13 July 2015
ByAppeared in BioNews 810
In a new position paper, published 20 years after its original 1995 guidance, the ASHG discourages testing children and teenagers for genetic mutations that increase the likelihood of adult-onset disease. It recommends only testing children where a clinical intervention is available in childhood, and says that genetic tests should usually focus on a single gene or small group of genes based on a clinical assessment of the patient.
The new guidance to families, clinicians and researchers recognises how much genetic testing has changed over the past 20 years, with advances made in whole-genome sequencing, chromosomal microarray analysis and pharmacogenetics. 'Direct to the consumer' testing has also expanded, offering people easier access to personal health-related information.
However, it warns that the increasing ease in acquiring genetic information can also have profound consequences, especially for children, as 'information which is largely probabilistic... may trigger stigma or discrimination,' explained Joseph McInerney, executive vice-president of the ASHG. This was identified as a particular ethical issue in relation to 'secondary findings' – findings that are unrelated to the original condition that prompted the genetic test.
'Kids are always considered to be a vulnerable population because they can't make decisions for themselves,' said Professor Jeffrey Botkin of the University of Utah and chair of the working group that produced the report. 'It's important to be respectful of the parents' right to make decisions for them, but at the same time the situation can lead to challenging circumstances.'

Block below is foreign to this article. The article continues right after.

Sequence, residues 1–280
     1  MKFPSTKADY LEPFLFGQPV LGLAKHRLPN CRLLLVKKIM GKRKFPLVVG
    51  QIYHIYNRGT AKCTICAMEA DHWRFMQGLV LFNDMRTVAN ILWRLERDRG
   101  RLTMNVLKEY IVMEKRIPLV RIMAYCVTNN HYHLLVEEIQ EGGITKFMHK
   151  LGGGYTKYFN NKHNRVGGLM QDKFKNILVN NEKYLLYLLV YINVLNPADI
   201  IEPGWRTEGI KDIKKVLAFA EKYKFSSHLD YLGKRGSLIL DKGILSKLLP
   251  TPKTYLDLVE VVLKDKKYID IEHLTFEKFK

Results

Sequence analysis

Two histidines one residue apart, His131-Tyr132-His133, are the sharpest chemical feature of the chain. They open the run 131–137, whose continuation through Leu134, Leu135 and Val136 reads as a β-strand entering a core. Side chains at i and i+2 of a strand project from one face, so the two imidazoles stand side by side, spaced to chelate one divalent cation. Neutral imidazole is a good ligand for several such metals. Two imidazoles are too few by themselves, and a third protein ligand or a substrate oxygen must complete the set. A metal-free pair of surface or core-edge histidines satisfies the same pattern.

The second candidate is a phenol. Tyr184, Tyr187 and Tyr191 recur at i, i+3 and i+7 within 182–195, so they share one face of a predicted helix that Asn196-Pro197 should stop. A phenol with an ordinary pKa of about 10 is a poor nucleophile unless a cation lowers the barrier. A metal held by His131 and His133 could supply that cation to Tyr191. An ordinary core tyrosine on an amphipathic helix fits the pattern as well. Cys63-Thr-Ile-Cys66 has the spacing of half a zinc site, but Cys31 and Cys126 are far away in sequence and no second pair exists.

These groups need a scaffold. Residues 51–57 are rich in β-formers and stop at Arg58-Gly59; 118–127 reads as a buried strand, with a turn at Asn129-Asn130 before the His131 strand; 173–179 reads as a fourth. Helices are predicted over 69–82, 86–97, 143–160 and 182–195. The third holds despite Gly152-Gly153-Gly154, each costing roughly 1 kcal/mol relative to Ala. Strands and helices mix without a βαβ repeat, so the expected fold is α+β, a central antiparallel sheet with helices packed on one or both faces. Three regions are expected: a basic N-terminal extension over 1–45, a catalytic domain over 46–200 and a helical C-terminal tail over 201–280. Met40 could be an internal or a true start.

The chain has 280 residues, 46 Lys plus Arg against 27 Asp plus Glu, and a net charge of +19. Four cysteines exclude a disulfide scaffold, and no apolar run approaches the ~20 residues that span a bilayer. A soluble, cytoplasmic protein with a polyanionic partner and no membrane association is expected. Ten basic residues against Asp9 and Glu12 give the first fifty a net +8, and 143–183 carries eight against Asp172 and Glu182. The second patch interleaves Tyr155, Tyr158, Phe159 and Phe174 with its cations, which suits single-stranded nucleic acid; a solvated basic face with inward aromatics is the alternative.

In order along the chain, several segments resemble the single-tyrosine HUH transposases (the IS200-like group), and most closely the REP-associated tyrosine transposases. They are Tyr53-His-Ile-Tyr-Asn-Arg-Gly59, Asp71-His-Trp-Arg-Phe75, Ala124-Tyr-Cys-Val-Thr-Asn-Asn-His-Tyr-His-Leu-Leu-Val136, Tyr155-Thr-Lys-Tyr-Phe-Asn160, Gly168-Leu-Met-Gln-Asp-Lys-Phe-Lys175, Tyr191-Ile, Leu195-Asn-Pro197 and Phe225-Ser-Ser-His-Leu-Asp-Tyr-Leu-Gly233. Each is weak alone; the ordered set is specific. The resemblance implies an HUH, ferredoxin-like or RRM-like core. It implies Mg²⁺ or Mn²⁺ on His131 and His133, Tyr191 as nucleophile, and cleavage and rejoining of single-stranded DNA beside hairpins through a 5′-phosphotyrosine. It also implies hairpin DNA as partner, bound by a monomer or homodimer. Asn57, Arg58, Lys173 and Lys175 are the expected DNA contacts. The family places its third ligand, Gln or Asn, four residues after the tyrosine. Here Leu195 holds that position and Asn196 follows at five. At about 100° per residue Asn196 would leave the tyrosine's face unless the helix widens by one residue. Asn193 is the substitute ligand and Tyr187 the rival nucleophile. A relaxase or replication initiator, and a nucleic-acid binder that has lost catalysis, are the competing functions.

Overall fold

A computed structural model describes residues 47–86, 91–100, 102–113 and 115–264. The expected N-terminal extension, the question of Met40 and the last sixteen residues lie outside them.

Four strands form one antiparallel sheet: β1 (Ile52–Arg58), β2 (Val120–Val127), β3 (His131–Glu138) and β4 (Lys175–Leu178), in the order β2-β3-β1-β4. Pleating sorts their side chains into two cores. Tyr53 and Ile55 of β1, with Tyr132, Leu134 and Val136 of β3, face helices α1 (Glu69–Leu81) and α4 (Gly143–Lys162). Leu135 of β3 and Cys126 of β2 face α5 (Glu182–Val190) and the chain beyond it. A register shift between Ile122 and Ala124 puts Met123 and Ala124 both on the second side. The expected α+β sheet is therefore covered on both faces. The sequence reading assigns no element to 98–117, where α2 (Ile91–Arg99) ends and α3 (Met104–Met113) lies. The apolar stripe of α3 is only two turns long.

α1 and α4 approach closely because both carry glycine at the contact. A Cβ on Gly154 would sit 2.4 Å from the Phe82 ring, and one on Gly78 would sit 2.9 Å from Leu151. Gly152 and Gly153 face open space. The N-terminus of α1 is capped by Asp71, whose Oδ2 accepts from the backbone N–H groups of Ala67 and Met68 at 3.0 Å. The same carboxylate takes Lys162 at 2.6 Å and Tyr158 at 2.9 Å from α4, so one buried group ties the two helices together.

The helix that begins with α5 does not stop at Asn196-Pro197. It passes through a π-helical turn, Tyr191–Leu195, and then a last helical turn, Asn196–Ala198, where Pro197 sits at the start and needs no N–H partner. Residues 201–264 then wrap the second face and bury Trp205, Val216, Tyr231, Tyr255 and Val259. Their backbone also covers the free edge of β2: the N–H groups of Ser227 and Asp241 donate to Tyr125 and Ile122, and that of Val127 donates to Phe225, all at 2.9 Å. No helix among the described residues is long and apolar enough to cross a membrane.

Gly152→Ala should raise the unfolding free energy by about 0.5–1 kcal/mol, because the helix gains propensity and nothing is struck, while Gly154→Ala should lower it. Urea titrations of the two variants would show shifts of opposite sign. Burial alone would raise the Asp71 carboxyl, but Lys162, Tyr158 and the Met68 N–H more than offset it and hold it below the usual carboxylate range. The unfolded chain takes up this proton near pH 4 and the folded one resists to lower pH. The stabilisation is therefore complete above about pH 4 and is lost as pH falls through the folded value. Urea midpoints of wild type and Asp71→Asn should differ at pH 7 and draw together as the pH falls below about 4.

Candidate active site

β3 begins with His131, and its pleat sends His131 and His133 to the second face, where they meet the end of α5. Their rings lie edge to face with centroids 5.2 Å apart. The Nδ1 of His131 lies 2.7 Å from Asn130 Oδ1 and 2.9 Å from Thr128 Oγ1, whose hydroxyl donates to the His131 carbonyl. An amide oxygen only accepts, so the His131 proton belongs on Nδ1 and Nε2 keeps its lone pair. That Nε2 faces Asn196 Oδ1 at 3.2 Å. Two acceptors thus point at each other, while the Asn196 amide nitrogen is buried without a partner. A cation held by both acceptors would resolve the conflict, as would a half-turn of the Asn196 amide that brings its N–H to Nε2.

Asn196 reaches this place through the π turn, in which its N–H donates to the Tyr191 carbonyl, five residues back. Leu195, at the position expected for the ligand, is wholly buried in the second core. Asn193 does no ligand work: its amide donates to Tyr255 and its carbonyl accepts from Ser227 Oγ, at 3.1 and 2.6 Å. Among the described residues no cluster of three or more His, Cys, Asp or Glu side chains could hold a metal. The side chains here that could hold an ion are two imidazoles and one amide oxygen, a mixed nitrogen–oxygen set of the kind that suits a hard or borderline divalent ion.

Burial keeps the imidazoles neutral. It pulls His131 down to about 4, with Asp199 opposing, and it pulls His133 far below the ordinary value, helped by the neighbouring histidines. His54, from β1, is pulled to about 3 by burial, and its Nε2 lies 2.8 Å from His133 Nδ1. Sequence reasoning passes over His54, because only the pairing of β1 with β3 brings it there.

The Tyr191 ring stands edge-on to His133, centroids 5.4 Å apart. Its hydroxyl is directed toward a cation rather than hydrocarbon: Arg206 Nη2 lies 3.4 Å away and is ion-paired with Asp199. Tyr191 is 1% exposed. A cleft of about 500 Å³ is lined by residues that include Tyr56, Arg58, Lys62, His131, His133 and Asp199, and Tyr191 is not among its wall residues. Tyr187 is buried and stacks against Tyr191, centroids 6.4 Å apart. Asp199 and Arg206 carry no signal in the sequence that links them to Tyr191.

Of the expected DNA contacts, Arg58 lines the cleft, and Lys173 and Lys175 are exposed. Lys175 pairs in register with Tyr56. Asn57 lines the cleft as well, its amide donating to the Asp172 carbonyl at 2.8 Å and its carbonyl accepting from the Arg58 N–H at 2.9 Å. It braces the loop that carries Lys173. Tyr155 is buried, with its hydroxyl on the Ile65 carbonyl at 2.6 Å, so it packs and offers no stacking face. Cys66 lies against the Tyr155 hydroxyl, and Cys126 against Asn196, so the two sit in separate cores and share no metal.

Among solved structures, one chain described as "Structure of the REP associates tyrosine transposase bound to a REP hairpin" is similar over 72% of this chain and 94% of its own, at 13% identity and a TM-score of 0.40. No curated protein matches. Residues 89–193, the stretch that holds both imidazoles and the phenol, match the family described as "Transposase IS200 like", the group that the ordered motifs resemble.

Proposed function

Professor Botkin added: 'We all hope for bright futures for our children but a genetic prediction might create a dark cloud that changes how the family and others think about that child.'
The ASHG has also drawn attention to 'the gap between scientists' ability to identify genetic variants and their ability to interpret what they mean' (see also BioNews 804 and 807). In an attempt to narrow this gap, the ASHG has recommended further work linking genetic variations to specific diseases and further evaluation of pharmacogenetic testing in predicting how children respond to drugs.